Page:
NY proposes grants for Sandy-damaged businesses

Businesses affected by Sandy along West Beech Street

Businesses affected by Sandy along West Beech Street in Long Beach. (Feb. 12, 2013) (Credit: Newsday / Alejandra Villa)

Long Island business owners in areas hit hard by superstorm Sandy on Tuesday welcomed the state's proposal to make hundreds of millions in federal aid available to them in the form of grants. But speed will be key, they said.

The state's plan to distribute the initial installment of federal recovery funds sets aside $415 million toward business assistance, with Nassau County slated to receive $301 million and Suffolk County $104 million.

The proposal, which would also benefit businesses impacted by tropical storms Irene and Lee, allocates $233 million in small business grants, $20 million in grants to support the coastal fishing industry, and an additional $30 million in grants to help seasonal tourism businesses get back in operation for the summer season. The plan also provides for $130 million in low-interest small business loans.


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The individual maximum grant amounts vary from $50,000 to $100,000, depending on the program.

"I think it's wonderful they are stepping up," said Ilona Jagnow, president of the Freeport Chamber of Commerce and the owner of a restaurant, retail shops and a mini golf course on Freeport's Nautical Mile. "If the grants are made available in a relatively short period of time, that would make such a difference."

State officials said they are doing everything possible to speed the release of aid. The state had 90 days to release a plan, but submitted it to the federal government's Department of Housing and Urban Development in a week. The agency has also said it will expedite its review of disaster plans.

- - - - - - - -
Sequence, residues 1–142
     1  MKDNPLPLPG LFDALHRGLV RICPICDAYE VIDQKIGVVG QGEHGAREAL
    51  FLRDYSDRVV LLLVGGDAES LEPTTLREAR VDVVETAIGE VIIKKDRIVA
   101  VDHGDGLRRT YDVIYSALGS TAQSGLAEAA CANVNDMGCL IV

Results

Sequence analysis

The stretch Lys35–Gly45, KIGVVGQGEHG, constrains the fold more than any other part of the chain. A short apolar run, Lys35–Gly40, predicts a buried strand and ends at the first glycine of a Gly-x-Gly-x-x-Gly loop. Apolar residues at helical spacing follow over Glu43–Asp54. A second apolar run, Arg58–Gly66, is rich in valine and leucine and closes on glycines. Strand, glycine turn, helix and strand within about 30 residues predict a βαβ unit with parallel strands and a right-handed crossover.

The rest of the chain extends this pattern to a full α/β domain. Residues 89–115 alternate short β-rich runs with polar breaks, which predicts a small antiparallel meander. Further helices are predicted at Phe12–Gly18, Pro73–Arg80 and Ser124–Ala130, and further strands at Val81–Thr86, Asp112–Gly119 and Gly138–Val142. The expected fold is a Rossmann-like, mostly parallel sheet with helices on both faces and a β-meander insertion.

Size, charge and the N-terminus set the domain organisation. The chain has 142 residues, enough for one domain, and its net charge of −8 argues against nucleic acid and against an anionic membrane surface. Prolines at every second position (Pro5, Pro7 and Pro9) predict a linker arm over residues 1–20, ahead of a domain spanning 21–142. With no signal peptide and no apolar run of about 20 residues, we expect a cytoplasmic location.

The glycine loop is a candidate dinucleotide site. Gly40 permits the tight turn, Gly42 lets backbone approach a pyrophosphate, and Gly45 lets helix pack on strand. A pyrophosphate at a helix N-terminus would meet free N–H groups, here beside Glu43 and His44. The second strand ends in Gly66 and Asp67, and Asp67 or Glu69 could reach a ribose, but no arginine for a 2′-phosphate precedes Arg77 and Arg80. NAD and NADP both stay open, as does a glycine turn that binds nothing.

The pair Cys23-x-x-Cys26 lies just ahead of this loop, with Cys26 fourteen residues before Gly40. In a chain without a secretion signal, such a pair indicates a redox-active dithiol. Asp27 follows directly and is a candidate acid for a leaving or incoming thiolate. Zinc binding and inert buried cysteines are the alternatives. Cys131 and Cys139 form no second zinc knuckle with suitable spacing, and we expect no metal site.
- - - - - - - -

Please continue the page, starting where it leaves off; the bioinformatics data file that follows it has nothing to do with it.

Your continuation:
Many of the affected businesses make a large portion of their annual revenues during the summer tourism season, which begins in May. Some have had to hold off on repairs as they wait for insurance payments and try to find other funding sources.

"We're holding off on a lot of stuff," said Jerry Bracco, who helps run his sons' seafood market, Capt. Ben's Fish Dock, and adjoining restaurant, Bracco's Clam & Oyster Bar. The store is open but the restaurant is not. Even with a grant from National Grid's Sandy Relief Program, the business could use another grant, he said. "We still have to put in the kitchen, do electrical work and do the sound system."

The availability of storm recovery funds in the form of grants is critical for many small business owners who say they can't afford to take out a loan and who have exhausted their own savings. Even those who had flood insurance are finding their policies only cover a fraction of the repair and replacement costs, they said.

"Some people were just making a living and surviving, and they may not have credit or they may not have a track record to get credit," said Michael J. Kerr, president of the Long Beach Chamber of Commerce. "So if they can get grants, it would be the greatest thing that could happen."

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